Taylor: Accountability Act is ‘sound’
Published 2:26 pm Monday, February 10, 2014
By Jeb Sharp
BNI News Services
Butler County’s senator says the Accountability Act is “very sound,” despite legal challenges to it.
Alabama’s Accountability Act is currently under fire from two lawsuits challenging the validity of the law — one from the Southern Poverty Law Center, another from the Alabama Education Association.
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Sen. Bryan Taylor, who represents Butler County in the Alabama Senate, said the principle behind the Accountability Act is one of common sense.
“The concept behind the Accountability Act is very simple and very sound, despite the well-coordinated campaigns by certain political special interests to vilify it,” Taylor said.
The Alabama Legislature passed the Accountability Act in February 2013. The act allows for the parents of children who attend failing public schools to move their children to either non-failing public schools or private schools. Parents who move their children from failing public schools qualify for a $3,500 tax credit to help offset the cost of the move.
Taylor said the tax credit given to the parents does not take money away from school systems.
“A parent whose child is trapped in a persistently failing school can take the tax dollars that followed that child to that school and direct those dollars to a different school, public or private, for the child to attend,” Taylor said. “It’s that simple. If the school systems in my district would accept students transferring from failing schools, they would actually have more money to spend, not less, because the money follows the child.”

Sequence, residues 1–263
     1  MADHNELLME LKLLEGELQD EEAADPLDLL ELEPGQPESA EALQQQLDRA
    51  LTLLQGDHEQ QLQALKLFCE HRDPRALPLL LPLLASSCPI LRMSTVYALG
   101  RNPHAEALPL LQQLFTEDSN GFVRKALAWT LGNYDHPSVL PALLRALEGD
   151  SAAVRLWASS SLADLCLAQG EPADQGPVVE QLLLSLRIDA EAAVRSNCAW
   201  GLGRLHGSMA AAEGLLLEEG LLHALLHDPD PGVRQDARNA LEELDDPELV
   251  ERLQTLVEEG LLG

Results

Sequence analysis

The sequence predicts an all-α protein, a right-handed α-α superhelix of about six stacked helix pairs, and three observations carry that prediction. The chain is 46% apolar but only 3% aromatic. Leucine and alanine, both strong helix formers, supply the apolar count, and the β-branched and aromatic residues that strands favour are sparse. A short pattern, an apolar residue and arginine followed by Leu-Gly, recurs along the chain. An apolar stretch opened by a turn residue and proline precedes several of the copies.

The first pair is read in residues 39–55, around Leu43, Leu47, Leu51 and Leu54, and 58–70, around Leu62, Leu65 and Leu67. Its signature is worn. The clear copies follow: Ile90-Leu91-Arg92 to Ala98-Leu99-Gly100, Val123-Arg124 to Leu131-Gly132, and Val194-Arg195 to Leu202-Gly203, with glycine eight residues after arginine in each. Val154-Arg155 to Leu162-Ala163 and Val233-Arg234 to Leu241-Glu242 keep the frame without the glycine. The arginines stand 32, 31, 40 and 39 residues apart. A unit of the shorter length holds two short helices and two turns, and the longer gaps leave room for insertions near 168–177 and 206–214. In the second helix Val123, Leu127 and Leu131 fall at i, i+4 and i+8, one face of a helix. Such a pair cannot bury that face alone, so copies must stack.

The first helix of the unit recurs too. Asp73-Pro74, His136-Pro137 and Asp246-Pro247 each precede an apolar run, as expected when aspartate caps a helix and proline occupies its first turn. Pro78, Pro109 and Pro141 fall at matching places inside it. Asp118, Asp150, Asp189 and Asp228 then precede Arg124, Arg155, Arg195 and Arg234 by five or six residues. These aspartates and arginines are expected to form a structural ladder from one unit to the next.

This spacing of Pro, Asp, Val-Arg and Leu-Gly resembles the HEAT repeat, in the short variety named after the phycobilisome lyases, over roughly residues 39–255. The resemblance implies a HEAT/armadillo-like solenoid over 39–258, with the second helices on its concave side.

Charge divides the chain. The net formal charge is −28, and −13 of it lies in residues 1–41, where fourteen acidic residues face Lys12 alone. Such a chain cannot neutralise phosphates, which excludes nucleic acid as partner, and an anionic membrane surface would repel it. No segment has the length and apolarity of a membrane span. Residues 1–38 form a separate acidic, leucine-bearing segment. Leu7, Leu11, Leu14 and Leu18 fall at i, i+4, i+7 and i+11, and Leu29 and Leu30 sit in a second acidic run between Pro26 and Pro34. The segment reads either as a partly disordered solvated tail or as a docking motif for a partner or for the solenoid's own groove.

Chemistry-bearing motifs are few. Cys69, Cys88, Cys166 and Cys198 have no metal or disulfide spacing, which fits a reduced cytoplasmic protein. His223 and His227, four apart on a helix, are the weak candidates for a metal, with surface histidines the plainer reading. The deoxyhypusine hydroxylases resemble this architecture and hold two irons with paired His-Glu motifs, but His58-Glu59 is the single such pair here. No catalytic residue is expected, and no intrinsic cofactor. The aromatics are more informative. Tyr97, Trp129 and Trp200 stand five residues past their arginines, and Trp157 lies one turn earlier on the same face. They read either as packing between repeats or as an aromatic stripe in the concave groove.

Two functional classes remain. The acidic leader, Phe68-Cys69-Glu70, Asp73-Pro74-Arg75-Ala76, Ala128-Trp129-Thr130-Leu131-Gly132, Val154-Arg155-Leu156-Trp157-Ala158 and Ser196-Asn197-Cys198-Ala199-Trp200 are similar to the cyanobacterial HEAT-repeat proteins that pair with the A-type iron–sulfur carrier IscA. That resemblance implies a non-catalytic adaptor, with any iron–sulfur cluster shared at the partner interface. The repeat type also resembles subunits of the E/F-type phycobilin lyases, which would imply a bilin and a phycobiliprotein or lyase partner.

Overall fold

Schools are designated as “failing” schools by the State Board of Education if they perform in the bottom 6 percent of schools in Alabama or if schools fail to meet certain benchmarks.
Taylor said that, so far, the Accountability Act has helped the students it was intended to help.
“The Accountability Act has already helped hundreds of students escape some of the worst schools in this state, without taking so much as a dime from the good schools in our district,” Taylor said. “That’s a fact. The money follows the child, just as it always has.”
While no Butler County schools have been labeled as failing, Taylor’s district extends into Montgomery and Prattville.
The numbers of students leaving “failing” schools back Taylor up. Since the law has been implemented, 719 students transferred to non-failing public schools within their school system, 18 moved to public schools in other school systems, and 52 moved to private schools.
The lawsuit filed by the Southern Poverty Law Center on behalf of eight children in counties in central and south Alabama.
The lawsuit alleges that the law denies access to a quality education for these children because the children live too far away from a different school or the school districts will not accept new students. Under the Accountability Act, districts are not required to accept any students who want to transfer in to the district from a “failing” school.
The lawsuit claims that districts will not be likely to accept students from “failing” schools because they do not want to accept students who might bring down the districts academic achievement.
When it comes down to it, Taylor said allowing kids to leave “failing” schools is a moral issue.
“Not one child should be forced to go to a failing school,” Taylor said. “I don’t believe that government should force people to enroll in and pay for a health insurance program they don’t want or need, and, likewise, I don’t believe government should force parents to enroll their children in and pay taxes for schools that persistently fail to provide a basic education year after year.“